Recipients become donors in Angel Tree turnaround|[12/20/05]
Published 12:00 am Tuesday, December 20, 2005
What’s most inspiring to the longtime coordinator of the Salvation Army’s Angel Tree program is when former recipients of donated toys become donors themselves.
Barbara Larson said she’s one of about 30 volunteers who have organized this year’s effort, which distributed about 1,100 bundles of gifts for children and elderly people Monday from the former location of Big KMart on Pemberton Square Boulevard.
Larson is a paralegal at the U.S. Army Corps of Engineers’ Mississippi Valley Division headquarters. She said she has coordinated the project for the past 10 years and spends about 40 to 50 hours each year on it.
Email newsletter signup
From a staging area for children’s bicycles Monday, Larson said the number of gift recipients is “usually about 900 to 1,000,” with most of them repeat recipients. Each year, some longtime recipients remove themselves from the list and new ones are added, Larson said.
Some of those who drop off have themselves become donors from one year to the next, Larson said.
“It’s a success when we know somebody has gotten a job,” Larson said.
The Angel Tree program is designed to match people who contribute gifts or money to recipients in need.
Larson said about 75 to 80 percent of those who receive gifts from the program have had their wish lists “adopted” by someone visiting a public Angel Tree location. Gifts for those who remain are purchased with Salvation Army funds, she added.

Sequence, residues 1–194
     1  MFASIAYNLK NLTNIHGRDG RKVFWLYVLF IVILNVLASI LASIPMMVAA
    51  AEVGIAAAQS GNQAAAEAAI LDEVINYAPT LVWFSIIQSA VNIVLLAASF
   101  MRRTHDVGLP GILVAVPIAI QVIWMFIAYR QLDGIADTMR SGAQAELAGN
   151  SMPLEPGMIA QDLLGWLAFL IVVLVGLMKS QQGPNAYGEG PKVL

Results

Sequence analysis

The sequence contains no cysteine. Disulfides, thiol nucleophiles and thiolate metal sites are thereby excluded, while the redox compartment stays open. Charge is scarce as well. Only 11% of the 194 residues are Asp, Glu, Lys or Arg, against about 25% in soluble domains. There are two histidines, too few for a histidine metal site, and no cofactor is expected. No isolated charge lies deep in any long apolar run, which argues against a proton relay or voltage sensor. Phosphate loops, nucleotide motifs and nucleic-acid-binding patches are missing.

Some children’s gifts – often bicycles – are donated by people who have not adopted specific families, Larson said. Sometimes mothers arriving to pick up bundles for their children are surprised at the number or size of gifts they receive, said five-year volunteer Gwen Edris of the Salvation Army Women’s Auxiliary.
Members of the auxiliary spent a full day Friday organizing for Monday’s distribution in the former retail space, of 87,000 square feet, first-year volunteer Phyllis Renfro said.
The program depends on the generosity of the local real-estate community for space and generally has a different place as its distribution location each year.
“We hate empty buildings around Vicksburg,” Edris said. “But sometimes they’re to our advantage, like around Christmas.”
Of this year’s recipients, about 250 were elderly and about 122 were families who evacuated coastal areas hit by Hurricane Katrina.
Capt. Michelle Robbins of the Salvation Army said the organization will move its operations back to its headquarters, 530 Mission 66, by the end of the week. One of the biggest needs for evacuees who have decided to make their homes in Vicksburg is furniture, she said.